Out of the Classroom, Still in Missoula (and loving it)

In High School, I studied abroad in Peru for a month of the summer of 2012. The experience was breathtaking. I learned more Spanish in a single month than I ever could have in the classroom, my understanding of other cultures and the U.S. expanded and I found greater confidence in myself. I joined GLI three years ago because I wanted to study abroad again. The essence of a study abroad experience is in its challenge to understand another culture and foreign environment and so I couldn’t imagine discovering that kind of experience here in the United States, let alone Missoula. And yet, I chose to fulfill my Out of Classroom experience right here in Missoula and feel that I have learned more about the world and myself than expected. I am working with Congolese refugees relocated here last September, helping them direct their own short films under the New Neighbors Project. This month two of those refugee directed films and the feature-length documentary of the project as a whole premieres (check the New Neighbors Project Facebook page or website, newneighborsmedia.org, for details) at the Big Sky Documentary Film Festival!

The experience has pushed me to grow emotionally and professionally. Working within the nuances of a different cultural mindset requires an open heart, forgiveness and patience. Working with trauma requires empathy, but clear boundaries. My technical skills have improved and I’ve gained confidence in my abilities after working with a team of established filmmakers. I feel equipped to address my global theme, Social Inequality and Human Rights, beyond the scope of the New Neighbors Project. My challenge against Social Inequality and Human Rights is to think globally and act locally. I can see the positive impact this project is having on the refugee crisis and I see positive changes for the Missoula community. I met once a week with one of the directors to talk film and help with the camera, but I also helped him develop his English, practice driving (he passed the driver’s ed test on the first try!) and explore the city and community of Missoula. In this exchange I’ve acquired the tangible skills of some Swahili and French conversation and the recipes for ugali and sweet breads. Most importantly I’ve learned how to navigate the tricky ground of mistranslated conversations, informed consent and transparency in how to admit failure and celebrate success.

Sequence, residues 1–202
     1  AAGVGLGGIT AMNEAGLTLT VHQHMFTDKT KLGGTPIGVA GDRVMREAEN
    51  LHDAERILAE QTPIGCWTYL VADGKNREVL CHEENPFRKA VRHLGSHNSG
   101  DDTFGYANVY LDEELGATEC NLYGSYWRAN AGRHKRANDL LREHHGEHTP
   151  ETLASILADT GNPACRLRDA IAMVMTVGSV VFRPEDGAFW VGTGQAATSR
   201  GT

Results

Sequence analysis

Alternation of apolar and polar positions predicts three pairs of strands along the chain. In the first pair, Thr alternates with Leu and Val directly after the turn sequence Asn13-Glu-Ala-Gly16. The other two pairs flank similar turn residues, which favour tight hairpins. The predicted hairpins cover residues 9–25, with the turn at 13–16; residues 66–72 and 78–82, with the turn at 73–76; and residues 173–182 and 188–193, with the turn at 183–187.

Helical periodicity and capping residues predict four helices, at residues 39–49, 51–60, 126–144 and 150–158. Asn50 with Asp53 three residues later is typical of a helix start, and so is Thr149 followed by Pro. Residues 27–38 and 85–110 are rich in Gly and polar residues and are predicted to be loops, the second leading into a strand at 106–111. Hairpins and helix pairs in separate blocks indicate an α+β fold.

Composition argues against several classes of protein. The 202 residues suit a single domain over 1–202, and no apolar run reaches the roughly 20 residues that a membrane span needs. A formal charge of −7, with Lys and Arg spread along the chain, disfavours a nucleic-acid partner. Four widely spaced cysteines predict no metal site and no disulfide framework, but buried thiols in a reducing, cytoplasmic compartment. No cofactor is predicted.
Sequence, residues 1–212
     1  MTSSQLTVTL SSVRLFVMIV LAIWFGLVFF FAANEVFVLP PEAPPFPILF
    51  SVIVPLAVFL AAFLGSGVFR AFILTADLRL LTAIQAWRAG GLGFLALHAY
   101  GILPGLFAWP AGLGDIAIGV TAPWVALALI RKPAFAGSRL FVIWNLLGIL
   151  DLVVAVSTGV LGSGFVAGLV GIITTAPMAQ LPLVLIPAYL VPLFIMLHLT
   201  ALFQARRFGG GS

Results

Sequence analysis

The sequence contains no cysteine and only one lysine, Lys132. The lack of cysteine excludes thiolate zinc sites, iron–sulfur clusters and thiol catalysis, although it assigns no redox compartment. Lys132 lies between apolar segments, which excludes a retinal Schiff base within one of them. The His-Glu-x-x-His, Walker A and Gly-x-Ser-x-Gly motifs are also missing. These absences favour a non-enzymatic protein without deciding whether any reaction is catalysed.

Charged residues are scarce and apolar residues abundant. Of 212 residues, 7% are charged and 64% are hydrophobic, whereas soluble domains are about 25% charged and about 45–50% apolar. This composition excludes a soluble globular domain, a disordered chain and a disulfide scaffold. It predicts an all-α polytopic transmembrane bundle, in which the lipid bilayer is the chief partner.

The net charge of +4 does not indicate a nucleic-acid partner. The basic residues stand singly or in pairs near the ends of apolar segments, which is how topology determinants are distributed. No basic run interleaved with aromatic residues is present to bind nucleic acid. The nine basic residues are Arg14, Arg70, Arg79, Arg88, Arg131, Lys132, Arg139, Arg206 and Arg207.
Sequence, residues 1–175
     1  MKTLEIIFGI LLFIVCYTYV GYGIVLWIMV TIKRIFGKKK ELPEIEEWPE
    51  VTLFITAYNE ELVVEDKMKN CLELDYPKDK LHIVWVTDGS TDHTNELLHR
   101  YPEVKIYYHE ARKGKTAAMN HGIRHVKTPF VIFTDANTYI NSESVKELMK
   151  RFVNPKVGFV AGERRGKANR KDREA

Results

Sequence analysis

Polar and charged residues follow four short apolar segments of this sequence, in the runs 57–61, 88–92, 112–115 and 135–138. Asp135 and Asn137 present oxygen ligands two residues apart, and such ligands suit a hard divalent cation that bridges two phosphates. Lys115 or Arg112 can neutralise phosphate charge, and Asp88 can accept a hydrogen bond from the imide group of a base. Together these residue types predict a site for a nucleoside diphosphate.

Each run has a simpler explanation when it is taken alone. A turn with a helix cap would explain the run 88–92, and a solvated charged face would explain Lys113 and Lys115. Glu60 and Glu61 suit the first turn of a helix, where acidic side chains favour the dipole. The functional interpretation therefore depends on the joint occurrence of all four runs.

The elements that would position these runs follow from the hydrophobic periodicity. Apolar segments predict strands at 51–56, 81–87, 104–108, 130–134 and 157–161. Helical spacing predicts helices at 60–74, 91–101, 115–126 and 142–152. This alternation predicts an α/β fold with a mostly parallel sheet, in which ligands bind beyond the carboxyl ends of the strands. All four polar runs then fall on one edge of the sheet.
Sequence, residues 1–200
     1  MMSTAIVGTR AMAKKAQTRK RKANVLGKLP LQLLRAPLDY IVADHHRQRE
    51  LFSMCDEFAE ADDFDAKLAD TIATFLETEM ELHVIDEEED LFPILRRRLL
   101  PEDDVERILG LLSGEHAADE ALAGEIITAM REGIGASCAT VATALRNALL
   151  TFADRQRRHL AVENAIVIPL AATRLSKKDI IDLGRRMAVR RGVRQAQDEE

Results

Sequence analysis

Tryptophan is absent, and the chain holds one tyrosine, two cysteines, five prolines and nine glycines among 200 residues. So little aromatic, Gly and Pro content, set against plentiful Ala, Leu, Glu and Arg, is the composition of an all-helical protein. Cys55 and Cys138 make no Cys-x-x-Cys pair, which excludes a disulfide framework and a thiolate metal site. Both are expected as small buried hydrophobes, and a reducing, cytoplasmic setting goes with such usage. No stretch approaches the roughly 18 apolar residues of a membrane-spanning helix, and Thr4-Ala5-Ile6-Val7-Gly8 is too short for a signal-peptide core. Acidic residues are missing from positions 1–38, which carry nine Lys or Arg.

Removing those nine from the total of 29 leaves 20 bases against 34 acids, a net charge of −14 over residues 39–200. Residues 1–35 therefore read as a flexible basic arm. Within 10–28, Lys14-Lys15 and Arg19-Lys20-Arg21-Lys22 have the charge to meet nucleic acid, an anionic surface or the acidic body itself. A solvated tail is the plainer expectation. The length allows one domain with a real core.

I want to encourage other students to complete their Out of the Classroom experience here in Missoula. The refugees need a lot of help and resources, but the call to action has seen an increase in programs and projects (like New Neighbors) that is strengthening our community and pushing us all to grow as a support network. This project has a huge production team and works closely with multiple organizations in Missoula to provide a well-rounded support network to the refugees. I am confident that there is just as much effort put towards other global issues like Climate Change and poverty at the local level here. After all, there are more than 1,200 registered local non-profits in Missoula. The director I work most closely with told me the other day that “Missoula is my home now”. I cannot express how strongly his words affect me. I am proud of Missoula and feel strength in this community to tackle global issues, one day at a time.

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